They are a formality, in a sense. Future cycles will affirm the fact that simply having elections is not enough to deliver on issues of social change. These intrigues are able to occur because class warfare is an inherent part of liberal republican democracy. Thus, many analyses of the country are actually attempts to legitimize this structure of governance, as future democratic upheaval is likely to aim at the entire socioeconomic system.
Democracy is unlikely to work in Pakistan under the conditions of resource scarcity that are integral to liberal economic structures. Scarcity reduces Pakistan, a modern construct that cuts across diverse populations, into a battleground for state resources. Organized efforts to gain these resources have come to fall back on more ancestral ties such as ethnicity, especially since endemic corruption helps produce a situation where resources are primarily consumed by a specific politician’s constituents. Rigid identities have also been given new primacy in reaction to globalized heterogeneity.
Pakistan has an additional problem: its national identity as an Islamic Republic is much debated and contested. Minority conflict occurs in defense of a state-circulated narrative of Salafi-Sunni nationalism, with Ahmadiyya, Shi’a, and Christian populations often being targets. This is often stoked by the state, such as in the casual use of the pejorative “Qadiani” in reference to the Ahmadiyya on government documents. Its bloody consequences are part of a deliberate attempt to exploit the nascent suspicion of this contest for state resources. The violent energies generated by liberal scarcity and national uncertainty are directed away from the power structures that are actually responsible.
It has become a common habit during the War on Terror to localize issues such as these to inherent failures in its religious culture. However, specialists like Kugelman are a different breed. They seek to ignore the important issue of class that threatens to tear Pakistan apart, as confronting them requires more participatory forms of democracy.
Pakistan is entering a terrifying age. Among the various issues that the government faces is the fact that separatist parties have gained control of numerous seats in the troubled province of Balochistan, which has been the site of four military conflicts with the Pakistani government. Combined with the continued problems of the Tehreek-e Taliban Pakistan, Sharif could very well face revolt, or outright war, in these areas.
However, his main concern is the same as Pakistan’s entire political elite: social upheaval. One of the fears surrounding Qadri’s march in January was that he would inspire an Islamist-dominated uprising similar to the 1979 Iranian Revolution (a constant concern for Pakistan’s mostly secular upper class). It requires more subtlety. The most likely scenario is that Pakistan’s swelling population will begin to consider other possibilities as its political dynasties lose their legitimacy. Figures such as Prime Minister Sharif and the systems which give rise to them will be held in greater levels of mass scrutiny.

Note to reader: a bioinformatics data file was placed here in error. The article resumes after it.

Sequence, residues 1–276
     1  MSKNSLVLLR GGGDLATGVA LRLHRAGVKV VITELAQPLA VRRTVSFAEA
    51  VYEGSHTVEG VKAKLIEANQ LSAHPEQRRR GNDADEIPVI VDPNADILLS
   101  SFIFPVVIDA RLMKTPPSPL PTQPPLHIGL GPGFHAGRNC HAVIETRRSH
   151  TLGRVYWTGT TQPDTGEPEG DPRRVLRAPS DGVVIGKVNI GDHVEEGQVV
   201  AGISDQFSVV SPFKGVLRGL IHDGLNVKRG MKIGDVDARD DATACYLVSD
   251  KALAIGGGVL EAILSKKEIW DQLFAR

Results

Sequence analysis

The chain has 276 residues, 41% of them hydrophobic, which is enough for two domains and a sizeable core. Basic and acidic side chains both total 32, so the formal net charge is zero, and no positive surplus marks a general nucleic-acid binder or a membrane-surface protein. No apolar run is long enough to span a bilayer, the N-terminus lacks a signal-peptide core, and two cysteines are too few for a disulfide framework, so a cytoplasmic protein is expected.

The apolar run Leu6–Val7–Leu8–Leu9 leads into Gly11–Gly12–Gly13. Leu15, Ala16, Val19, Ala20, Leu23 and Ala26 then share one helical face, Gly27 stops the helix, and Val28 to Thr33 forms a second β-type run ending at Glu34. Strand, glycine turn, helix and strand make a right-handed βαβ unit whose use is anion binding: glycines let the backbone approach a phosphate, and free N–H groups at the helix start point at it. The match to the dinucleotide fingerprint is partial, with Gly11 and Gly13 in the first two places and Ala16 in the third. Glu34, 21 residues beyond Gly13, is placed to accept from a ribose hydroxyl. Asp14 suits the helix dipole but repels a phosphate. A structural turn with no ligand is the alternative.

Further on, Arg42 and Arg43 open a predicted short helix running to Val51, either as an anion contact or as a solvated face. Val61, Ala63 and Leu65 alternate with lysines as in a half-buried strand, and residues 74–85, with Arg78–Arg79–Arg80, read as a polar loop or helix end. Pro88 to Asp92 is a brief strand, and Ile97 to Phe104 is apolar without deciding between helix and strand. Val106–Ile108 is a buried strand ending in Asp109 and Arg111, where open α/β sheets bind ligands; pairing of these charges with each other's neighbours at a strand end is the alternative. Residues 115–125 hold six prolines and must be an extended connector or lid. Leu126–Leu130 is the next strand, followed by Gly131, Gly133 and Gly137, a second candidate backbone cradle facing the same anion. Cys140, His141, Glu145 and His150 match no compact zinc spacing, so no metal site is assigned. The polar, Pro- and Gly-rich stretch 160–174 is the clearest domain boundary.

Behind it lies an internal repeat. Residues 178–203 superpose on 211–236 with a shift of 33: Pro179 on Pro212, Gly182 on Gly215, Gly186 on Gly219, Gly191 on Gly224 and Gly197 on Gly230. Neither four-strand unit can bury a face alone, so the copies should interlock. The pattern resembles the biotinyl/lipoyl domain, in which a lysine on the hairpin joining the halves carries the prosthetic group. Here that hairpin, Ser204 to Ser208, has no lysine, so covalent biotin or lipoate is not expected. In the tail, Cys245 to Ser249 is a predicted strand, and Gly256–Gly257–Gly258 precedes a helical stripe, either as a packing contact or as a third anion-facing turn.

This is the real reason that Kugelman argues that Pakistan already had its democratic spring in 2007. These arguments are actually about whether or not democratic revolts will necessarily end with liberal republican models. It is an anxiety that also permeates coverage of the emerging democracies that were birthed in the Arab Spring, particularly in Egypt. The type of spring that questions liberal republican movements would resonate among grassroots dissenters all over the world, ultimately taking aim at wealthy European and American interests in an era of neoliberalism. Thus emerges the need to assure the reading public that it is never going to happen.
There is reluctance by many Pakistanis to challenge mainstream notions of how democracy is supposed to be constituted. Massoud Raja perfectly exemplifies this in his rebuttal piece to Kugelman, “Arab Spring in Pakistan? No, thanks,” where he writes: “Is there corruption? Yes, certainly. But all democracies have a set of illegalities that exist at legal and quasi-legal levels.” Such statements are tied to arbitrary presumptions about what democracy is.
Why should democracies have a set of illegalities at all? Why should a democratic revolt end with liberal republican democracy, the implied conclusion of “[…]the Arab Spring already happened in Pakistan, it is also no longer necessary”? Why should democracy come with a set of presumptions about a population’s control over the socioeconomic approaches that actually affect it?
Raja anchors his argument in a firm belief that Pakistan’s existing institutions need to develop themselves. However, as Prime Minister Sharif prepares to negotiate a bailout from the International Monetary Fund, Pakistan prepares itself to be further exposed to neoliberal forces. Neoliberalism holds exactly these types of institutions in contempt as limits on foreign investment. So are we stuck? No, but many of us refuse to be imaginative.
Pakistan’s democratic future is not likely to be driven by elections that only affect its elites on a surface level. It will be pressed forward by our willingness to be imaginative. Strikes and protests often meet severe backlash from authorities if they grow too large because of a fear that they may capture the popular imagination. Though events such as the July 2010 Faisalabad loom workers’ strike were put down, social turmoil seems inevitable as long as cities like Karachi continue to pursue unstable fiscal policies and Pakistan’s political process stifles necessary change. All that remains to be seen is how this will come about, and what will come of it.
The views expressed in this article are the author’s own and do not necessarily reflect Fair Observer’s editorial policy.